Disturbing reports from Cairo suggest that security forces today raided the offices of several leading human rights and civil society groups. According to The New York Times:
Egyptian security police raided the Hisham Mubarak Law Center, where many nongovernmental organizations operate, according to witnesses in Cairo. The police ordered people at the center to lie on the floor and disabled their mobile phones, the witnesses said. Two people were being interrogated.
The regime is also harassing independent media, giving rise to concerns that it may wish to suppress media coverage of an impending crackdown on pro-democracy protesters.
“There is a concerted campaign to intimidate international journalists in Cairo and interfere with their reporting,” said US State Department spokesman P.J. Crowley today.
The media rights group Reporters Without Borders condemned “shocking attacks on BBC, Al Jazeera, CNN, Al-Arabiya and ABC News journalists by Mubarak supporters who were reportedly accompanied by plainclothes police.”
If the regime is cracking down on NGOs, it is showing a myopic approach to the emerging transition in which a robust civil society will be a vital ingredient in countering authoritarian trends and forces in any post-Mubarak regime.
As one analyst notes today, “Egyptian civil society is rich and complex and has within it a persistent liberal strain.”
Egypt’s rulers should also learn the lessons of an earlier transition with strikingly familiar features:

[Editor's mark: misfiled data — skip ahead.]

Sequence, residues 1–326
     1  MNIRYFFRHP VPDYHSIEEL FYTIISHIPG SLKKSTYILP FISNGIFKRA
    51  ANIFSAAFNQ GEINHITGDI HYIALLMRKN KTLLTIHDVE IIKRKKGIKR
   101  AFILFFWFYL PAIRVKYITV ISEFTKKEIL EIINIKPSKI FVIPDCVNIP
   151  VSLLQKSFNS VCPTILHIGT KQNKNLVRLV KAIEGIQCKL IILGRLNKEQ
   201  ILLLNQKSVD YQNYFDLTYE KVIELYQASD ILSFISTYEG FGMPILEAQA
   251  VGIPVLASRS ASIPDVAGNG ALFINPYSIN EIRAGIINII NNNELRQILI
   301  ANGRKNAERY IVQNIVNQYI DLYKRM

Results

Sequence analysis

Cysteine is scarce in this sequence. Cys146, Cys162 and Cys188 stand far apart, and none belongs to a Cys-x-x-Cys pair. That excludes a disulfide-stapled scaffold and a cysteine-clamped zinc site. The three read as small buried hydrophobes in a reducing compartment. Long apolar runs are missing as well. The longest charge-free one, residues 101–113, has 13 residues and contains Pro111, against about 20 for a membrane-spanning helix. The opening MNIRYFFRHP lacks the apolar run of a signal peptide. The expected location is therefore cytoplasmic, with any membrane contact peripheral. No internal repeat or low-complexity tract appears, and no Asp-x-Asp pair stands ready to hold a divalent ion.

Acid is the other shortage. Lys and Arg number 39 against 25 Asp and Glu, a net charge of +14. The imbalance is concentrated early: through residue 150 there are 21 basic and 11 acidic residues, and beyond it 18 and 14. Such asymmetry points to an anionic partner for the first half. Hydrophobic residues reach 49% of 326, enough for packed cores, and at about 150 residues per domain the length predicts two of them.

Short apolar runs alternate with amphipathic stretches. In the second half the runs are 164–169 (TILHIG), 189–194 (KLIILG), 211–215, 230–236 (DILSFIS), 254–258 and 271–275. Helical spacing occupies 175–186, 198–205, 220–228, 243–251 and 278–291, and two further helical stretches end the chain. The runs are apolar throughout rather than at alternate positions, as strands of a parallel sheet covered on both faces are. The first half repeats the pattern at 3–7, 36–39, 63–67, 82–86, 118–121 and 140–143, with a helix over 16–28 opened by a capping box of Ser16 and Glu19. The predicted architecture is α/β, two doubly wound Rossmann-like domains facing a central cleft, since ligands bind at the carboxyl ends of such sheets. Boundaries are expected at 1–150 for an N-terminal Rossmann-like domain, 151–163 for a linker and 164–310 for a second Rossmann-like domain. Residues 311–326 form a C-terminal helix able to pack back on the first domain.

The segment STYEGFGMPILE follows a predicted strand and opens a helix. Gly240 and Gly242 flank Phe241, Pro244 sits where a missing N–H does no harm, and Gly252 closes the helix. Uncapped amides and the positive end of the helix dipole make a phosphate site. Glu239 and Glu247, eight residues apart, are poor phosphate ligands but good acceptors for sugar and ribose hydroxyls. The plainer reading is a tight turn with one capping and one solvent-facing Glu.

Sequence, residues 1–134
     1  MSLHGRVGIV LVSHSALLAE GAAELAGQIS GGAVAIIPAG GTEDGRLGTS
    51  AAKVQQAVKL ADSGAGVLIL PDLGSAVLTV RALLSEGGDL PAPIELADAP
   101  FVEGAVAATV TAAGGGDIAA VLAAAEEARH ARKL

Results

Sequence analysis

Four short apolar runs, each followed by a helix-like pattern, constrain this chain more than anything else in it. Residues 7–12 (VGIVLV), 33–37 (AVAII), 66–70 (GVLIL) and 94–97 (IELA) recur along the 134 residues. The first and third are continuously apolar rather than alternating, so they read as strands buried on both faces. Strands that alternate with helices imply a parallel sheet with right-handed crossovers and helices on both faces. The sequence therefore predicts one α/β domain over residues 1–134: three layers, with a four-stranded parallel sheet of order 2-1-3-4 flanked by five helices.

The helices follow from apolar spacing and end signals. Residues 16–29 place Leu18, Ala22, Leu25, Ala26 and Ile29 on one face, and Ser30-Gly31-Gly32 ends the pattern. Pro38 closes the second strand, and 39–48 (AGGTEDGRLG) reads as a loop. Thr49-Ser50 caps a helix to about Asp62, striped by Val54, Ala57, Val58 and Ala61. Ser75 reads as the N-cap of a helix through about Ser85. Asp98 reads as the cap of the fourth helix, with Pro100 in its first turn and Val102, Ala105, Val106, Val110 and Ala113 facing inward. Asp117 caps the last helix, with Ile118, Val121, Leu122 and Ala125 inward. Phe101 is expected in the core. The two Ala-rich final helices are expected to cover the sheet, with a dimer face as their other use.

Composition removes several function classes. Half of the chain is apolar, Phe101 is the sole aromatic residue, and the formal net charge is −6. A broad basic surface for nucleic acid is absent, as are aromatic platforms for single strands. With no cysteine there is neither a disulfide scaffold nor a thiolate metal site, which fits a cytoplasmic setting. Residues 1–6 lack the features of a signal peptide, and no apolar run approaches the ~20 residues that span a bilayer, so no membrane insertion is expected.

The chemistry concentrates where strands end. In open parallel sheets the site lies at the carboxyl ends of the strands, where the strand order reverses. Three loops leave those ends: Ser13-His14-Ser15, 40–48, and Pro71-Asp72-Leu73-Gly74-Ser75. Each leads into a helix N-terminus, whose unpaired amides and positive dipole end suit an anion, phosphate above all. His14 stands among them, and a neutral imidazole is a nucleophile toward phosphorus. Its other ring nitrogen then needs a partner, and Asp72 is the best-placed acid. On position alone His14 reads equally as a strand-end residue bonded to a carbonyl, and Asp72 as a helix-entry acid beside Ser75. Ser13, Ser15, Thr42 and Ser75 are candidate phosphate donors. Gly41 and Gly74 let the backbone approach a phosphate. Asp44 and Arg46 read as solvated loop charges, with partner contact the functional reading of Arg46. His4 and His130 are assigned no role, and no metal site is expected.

…a dictator who had ruled for more than two decades — holding himself out as the only guarantor of his nation’s stability and serving as Washington’s steadfast ally — tumbled from power after a brief but intense surge of protests …..
The experience of Indonesia’s democratic transition is especially instructive, writes Thomas Carothers. NGOs played a role in ending authoritarian rule, but civil society strengthening was a vital factor in consolidating the subsequent democratic transition.
Regime change in Egypt is more likely to resemble Indonesia’s transition than the 1979 Islamic Revolution, he argues:
The Muslim Brotherhood in Egypt today is significantly different from the Islamist movement driven by Ayatollah Khomeini that ended up grabbing power in Tehran. It has renounced violence in both word and deed for decades and undergone a significant process of moderation. It lacks a charismatic leader such as Khomeini and has already confronted limits to its popular backing through its unofficial participation in parliamentary elections. The current protests in Egypt have focused on non-religious concerns and not featured Islamist slogans or objectives. The Muslim Brotherhood will certainly play an important role in post-Mubarak Egyptian politics, but Egypt is not ripe for a radical Islamist revolution.
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